Fun Fact— if you ever dreamed of indulging your inner Ariel, the Aquarium’s team of Mystic Mermaids cavorts among the barracuda, stingrays, reef sharks and a 400lb Queensland grouper. (Open Water Certification required, though all mermaid’ing is done sans tank and that 74 degree water could freeze your tail off.)
Monterey Bay Aquarium, California — Tide’s Out For Now, But Parents: Watch This Space!
Courtesy Monterey Bay Aquarium
Great tide pool at Monterey Bay Aquarium
Although restrictions have closed “the pool” for now, dive parents should keep this gem on their radar to get kids excited about the wonders of SCUBA. Kids aged 8-13 can don a dry suit and gear with a staff dive guide to explore the aquarium’s Great Tide Pool— an open reservoir of ocean water pulled in from the bay to circulate through the aquarium’s exhibits and back out. This 90-minute educational surface-SCUBA experience is run with a safety-conscious three to one ratio; includes a dive briefing, basic intro to diving practices and interpretive tour of the marine animals that call the Great Tide Pool home.
Epcot Seas Adventure — Orlando, Florida
Courtesy Disney Parks
Dive Quest at Epcot Seas Adventure
DiveQuest at Epcot Seas Adventure not only gives you a serious cool-down from the Florida heat, but offers 5.7 million gallons of pristinely kept saltwater coral reef habitat. Find Nemo and over 6,000 other marine creatures like sea turtles, angelfish, dolphins, eagle rays and sharks during your dive through Caribbean Coral Reef at the Nemo and Friends Pavillon. After an initial briefing and quick 10-minute guide through the massive exhibit, buddy pairs can poke around on their own and interact with the sea life (or the two-legged variety through its 56 large windows). The abundance of marine life, fish and corals spotted has been compared to what could be enjoyed in a dozen or more dives. The experience lasts three hours and includes a behind-the-scenes animal care and education tour. Guests must be over the age of 10 and SCUBA certified, but do not need to purchase park admission. However, the fee for the Dive Quest experience does not include admission into the park.
Georgia Aquarium — Atlanta, Georgia
Courtesy Georgia Aquarium
A diver watches in wonder as a soars above in the Georgia Aquarium.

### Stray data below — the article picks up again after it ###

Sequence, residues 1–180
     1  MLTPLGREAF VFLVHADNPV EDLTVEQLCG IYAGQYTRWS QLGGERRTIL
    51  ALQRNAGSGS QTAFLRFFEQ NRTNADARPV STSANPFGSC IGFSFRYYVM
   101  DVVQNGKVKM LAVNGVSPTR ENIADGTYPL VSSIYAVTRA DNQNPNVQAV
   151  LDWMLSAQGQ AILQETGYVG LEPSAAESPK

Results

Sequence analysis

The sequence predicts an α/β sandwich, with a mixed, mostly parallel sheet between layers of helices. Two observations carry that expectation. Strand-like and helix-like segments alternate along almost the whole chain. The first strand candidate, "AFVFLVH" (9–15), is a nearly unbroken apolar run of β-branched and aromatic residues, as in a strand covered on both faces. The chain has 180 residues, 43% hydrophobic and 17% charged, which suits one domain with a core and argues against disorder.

You’re assured encounters with pelagics when you slip into the Georgia Aquarium’s 6.3 million gallon tank! Whale sharks, manta rays and thousands of other sea creatures meander through the water, including a Tank the sea turtle. Maxing out at 30 feet, the tank is 76 degrees. Visitors can choose between two dive experiences. The Journey with Gentle Giants experience is for any certified diver over the age of 12. (An adult must accompany any child between the ages of 12 and 14.) The experience includes a topside tour of the Ocean Voyager exhibit and a half-an-hour dive. Pre-registration is encouraged, but walk-ins will be accommodated space permitting. More advanced divers can opt for the Rebreather Experience, a rebreather try dive in the same tank. Divers must be 18 or older to do the rebreather dive, which can last up to one hour, and pre-registration is required. No photography is allowed during either dive experience, but an HD video will be available for purchase after the Rebreather Experience. Dive costs range from about $280 to $470, depending on dive and aquarium membership status, and a portion of the proceeds supports the Georgia Aquarium’s research and conservation work.
Florida Aquarium - Tampa, Florida
Want to give scuba diving a try before signing up for your certification? Head to the Florida Aquarium in Tampa, where anyone over the age of nine can kit up to try diving among stingrays, barracudas, a sea turtle, a sand tiger shark, and more than 1,000 other sea creatures. Divers receive a free commemorative video of the experience. The dip costs $100 per person for aquarium members, or $110 per person for non-members. COVID-19 precautions make this an exclusive experience, as the aquarium is not mixing guests from parties. Groups of up to four divers are permitted at one time.